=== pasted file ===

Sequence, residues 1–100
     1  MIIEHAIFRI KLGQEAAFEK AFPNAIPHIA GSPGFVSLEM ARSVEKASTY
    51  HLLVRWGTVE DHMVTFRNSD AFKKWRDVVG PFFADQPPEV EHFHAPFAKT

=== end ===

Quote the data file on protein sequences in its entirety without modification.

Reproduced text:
Sequence, residues 1–100
     1  MIIEHAIFRI KLGQEAAFEK AFPNAIPHIA GSPGFVSLEM ARSVEKASTY
    51  HLLVRWGTVE DHMVTFRNSD AFKKWRDVVG PFFADQPPEV EHFHAPFAKT